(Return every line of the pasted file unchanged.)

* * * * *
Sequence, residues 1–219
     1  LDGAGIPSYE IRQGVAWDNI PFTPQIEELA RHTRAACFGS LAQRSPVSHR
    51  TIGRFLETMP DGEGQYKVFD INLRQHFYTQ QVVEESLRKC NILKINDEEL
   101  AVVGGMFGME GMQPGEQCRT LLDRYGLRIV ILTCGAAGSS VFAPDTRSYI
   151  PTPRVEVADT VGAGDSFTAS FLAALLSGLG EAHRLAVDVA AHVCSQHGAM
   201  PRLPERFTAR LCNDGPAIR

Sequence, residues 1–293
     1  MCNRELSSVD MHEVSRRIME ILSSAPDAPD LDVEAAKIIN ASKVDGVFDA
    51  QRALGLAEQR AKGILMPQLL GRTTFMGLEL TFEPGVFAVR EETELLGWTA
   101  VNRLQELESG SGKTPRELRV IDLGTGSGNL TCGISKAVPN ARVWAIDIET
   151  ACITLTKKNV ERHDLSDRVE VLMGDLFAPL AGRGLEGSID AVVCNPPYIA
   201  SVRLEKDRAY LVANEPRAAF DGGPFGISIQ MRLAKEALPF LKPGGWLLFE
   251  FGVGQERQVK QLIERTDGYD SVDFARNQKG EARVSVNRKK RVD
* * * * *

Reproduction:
Sequence, residues 1–219
     1  LDGAGIPSYE IRQGVAWDNI PFTPQIEELA RHTRAACFGS LAQRSPVSHR
    51  TIGRFLETMP DGEGQYKVFD INLRQHFYTQ QVVEESLRKC NILKINDEEL
   101  AVVGGMFGME GMQPGEQCRT LLDRYGLRIV ILTCGAAGSS VFAPDTRSYI
   151  PTPRVEVADT VGAGDSFTAS FLAALLSGLG EAHRLAVDVA AHVCSQHGAM
   201  PRLPERFTAR LCNDGPAIR

Sequence, residues 1–293
     1  MCNRELSSVD MHEVSRRIME ILSSAPDAPD LDVEAAKIIN ASKVDGVFDA
    51  QRALGLAEQR AKGILMPQLL GRTTFMGLEL TFEPGVFAVR EETELLGWTA
   101  VNRLQELESG SGKTPRELRV IDLGTGSGNL TCGISKAVPN ARVWAIDIET
   151  ACITLTKKNV ERHDLSDRVE VLMGDLFAPL AGRGLEGSID AVVCNPPYIA
   201  SVRLEKDRAY LVANEPRAAF DGGPFGISIQ MRLAKEALPF LKPGGWLLFE
   251  FGVGQERQVK QLIERTDGYD SVDFARNQKG EARVSVNRKK RVD